One of the most challenging materials to tackle was getting the right look for the unidirectional carbon ﬁber that is naturally irregular and then sprayed black at joints and clear-coated to a matte ﬁnish. Additionally, to create a realistic front and rear wheel, the carbon rims had to be separated into multiple parts. The tires which are an important part in making this the fastest bike on the planet had to be rendered from scratch. While KeyShot handles creating complex materials well, the team used SolidWorks and Maya to create the components that didn’t exist in the CAD ﬁles supplied by Specialized.
One of the most visually interesting parts of the bike is the proprietary integrated braking system. The front brake completes the forks trailing edge, aiding aerodynamics, while the rear brake drafts off of the seat tube and water bottle. To highlight the front brake, TB&O built an animation that simulated the front-wheel turning. This necessitated that the materials be believable and the lighting draws attention to the beauty and functionality of this unique industrial design.
Typically, animations appear neutral or ﬂat because the lighting is a compromise. The problem is that if the light looks great at one camera position, as the animation moves there are inevitable points where the lighting is unacceptable. The compromise is fairly ﬂat light throughout.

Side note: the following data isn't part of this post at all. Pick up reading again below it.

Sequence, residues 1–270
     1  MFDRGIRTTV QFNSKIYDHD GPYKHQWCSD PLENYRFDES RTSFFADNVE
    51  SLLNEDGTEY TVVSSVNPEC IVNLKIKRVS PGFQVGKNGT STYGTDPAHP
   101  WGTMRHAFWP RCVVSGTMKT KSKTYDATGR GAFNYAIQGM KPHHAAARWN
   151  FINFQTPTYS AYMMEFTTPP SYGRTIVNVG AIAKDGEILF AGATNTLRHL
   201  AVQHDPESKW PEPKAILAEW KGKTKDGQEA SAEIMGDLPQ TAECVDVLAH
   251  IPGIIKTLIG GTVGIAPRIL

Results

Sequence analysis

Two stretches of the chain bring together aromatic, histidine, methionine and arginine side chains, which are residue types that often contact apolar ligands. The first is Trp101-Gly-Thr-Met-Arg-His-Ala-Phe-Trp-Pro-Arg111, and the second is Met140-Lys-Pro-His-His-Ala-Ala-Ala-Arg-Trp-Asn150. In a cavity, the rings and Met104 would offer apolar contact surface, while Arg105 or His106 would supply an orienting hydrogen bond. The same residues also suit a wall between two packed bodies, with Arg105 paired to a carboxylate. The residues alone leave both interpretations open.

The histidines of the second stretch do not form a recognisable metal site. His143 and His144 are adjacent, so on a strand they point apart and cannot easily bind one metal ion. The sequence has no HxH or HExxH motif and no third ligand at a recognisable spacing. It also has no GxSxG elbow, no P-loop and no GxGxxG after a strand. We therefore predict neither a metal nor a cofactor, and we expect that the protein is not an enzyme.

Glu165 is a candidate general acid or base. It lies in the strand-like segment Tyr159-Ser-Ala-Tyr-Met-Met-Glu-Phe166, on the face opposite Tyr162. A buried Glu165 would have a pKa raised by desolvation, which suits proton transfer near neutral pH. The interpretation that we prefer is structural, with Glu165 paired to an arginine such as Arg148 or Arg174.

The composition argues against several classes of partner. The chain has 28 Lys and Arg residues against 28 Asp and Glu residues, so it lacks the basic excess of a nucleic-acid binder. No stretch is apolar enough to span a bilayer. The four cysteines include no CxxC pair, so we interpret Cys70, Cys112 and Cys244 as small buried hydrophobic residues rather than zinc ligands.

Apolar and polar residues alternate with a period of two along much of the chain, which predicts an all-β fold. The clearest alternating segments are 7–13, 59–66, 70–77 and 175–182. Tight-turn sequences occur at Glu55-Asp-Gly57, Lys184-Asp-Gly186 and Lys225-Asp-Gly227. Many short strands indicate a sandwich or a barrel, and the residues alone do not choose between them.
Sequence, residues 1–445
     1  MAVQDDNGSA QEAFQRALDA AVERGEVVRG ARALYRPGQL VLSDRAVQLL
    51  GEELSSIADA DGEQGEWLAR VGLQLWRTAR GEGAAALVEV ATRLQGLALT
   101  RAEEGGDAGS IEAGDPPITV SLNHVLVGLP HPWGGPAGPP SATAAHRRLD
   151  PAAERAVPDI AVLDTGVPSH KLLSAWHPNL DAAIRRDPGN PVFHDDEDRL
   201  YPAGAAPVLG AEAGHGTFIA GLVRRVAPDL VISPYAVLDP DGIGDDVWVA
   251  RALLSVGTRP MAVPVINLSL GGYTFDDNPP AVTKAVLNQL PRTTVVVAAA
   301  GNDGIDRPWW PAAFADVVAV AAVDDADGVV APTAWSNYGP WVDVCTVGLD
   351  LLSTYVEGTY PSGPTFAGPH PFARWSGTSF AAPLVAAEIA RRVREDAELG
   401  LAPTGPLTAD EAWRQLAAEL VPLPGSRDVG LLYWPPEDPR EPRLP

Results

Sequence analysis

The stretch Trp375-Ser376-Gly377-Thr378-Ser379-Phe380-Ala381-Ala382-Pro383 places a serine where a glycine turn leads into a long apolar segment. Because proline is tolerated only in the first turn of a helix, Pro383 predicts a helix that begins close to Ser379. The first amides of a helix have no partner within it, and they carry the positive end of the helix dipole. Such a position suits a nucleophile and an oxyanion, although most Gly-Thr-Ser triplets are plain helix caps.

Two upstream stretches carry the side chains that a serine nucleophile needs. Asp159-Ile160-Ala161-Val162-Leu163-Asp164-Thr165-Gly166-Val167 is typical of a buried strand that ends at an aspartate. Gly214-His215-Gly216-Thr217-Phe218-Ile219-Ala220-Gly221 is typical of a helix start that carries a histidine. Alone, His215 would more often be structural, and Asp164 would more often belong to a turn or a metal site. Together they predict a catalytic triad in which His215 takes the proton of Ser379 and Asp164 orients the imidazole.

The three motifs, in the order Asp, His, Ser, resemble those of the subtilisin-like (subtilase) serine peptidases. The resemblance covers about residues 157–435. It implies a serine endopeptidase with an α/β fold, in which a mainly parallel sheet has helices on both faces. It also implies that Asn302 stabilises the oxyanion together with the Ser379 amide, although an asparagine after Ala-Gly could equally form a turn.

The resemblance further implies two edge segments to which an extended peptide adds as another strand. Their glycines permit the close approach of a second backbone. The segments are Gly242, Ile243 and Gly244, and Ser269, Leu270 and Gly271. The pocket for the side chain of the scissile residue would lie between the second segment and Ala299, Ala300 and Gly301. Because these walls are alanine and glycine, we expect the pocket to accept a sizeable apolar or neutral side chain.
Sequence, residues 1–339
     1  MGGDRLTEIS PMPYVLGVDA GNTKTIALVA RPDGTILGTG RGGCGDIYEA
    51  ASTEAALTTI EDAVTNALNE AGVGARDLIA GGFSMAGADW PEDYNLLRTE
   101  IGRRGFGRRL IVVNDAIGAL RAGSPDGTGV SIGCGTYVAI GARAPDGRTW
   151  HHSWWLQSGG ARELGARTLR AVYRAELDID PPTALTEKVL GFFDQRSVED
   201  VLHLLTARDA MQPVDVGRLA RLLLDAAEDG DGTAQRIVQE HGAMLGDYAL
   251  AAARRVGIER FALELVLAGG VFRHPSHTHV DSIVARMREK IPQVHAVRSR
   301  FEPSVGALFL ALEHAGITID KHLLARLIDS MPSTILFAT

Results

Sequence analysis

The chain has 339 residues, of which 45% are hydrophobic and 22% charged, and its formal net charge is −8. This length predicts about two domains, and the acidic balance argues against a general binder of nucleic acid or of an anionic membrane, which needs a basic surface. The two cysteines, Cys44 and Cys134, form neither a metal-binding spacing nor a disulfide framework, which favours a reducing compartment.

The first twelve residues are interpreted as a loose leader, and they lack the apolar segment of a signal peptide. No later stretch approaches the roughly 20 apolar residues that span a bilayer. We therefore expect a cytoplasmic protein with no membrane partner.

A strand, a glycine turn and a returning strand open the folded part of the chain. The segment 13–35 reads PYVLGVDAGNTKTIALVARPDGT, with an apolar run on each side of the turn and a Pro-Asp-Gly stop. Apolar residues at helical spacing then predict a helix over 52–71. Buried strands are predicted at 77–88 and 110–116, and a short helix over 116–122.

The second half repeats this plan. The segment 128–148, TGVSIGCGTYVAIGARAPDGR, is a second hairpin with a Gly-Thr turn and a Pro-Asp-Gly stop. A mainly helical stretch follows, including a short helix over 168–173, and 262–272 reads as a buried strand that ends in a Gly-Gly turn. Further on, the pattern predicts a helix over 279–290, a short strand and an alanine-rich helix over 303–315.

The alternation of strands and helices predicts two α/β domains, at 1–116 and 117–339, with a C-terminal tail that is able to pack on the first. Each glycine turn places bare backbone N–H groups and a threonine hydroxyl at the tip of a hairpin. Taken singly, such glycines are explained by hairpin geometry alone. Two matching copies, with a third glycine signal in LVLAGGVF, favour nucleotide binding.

To create the emotional reaction the client was looking for, the TB&O team had to create a physical environment that was as simple as it was dramatic. So, rather than relying upon just an HDRI lighting environment, the team built a transparent set and supplemented the light provided by a custom HDRI light environment with 23 lights created from individual pieces of geometry. The result is dramatic light that highlights the product no matter where you are in the VR experience.
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A valuable by-product of this work product is being able to repurpose the asset. Once the initial project was completed, TB&O created ten short videos that Specialized incorporated into their PowerPoint presentation to dealers. Similarly, it is easy to change the product ﬁnishes, the background, the lighting and to create still images as well as other VR experiences. While the project was initiated to support the web experience at launch, Specialized has found numerous other ways to use the assets to support social media initiatives, and other marketing and product development needs. More about TB&O’s projects can be found here.
About Specialized Venge
The Specialized S-Works Venge is the fastest and most integrated road bike ever made. A team of 15 engineers used the Specialized Win Tunnel™, located at their headquarters in Morgan Hill, California, to develop this state-of-the-art bike. More than 1,000 hours of wind tunnel testing went into the ﬁnal design. The S-Works Venge is one piece of an aerodynamic ecosystem that includes clothing, helmet, shoes, tires, and wheels that together combine to save a competitive rider ﬁve minutes over 40 kilometers.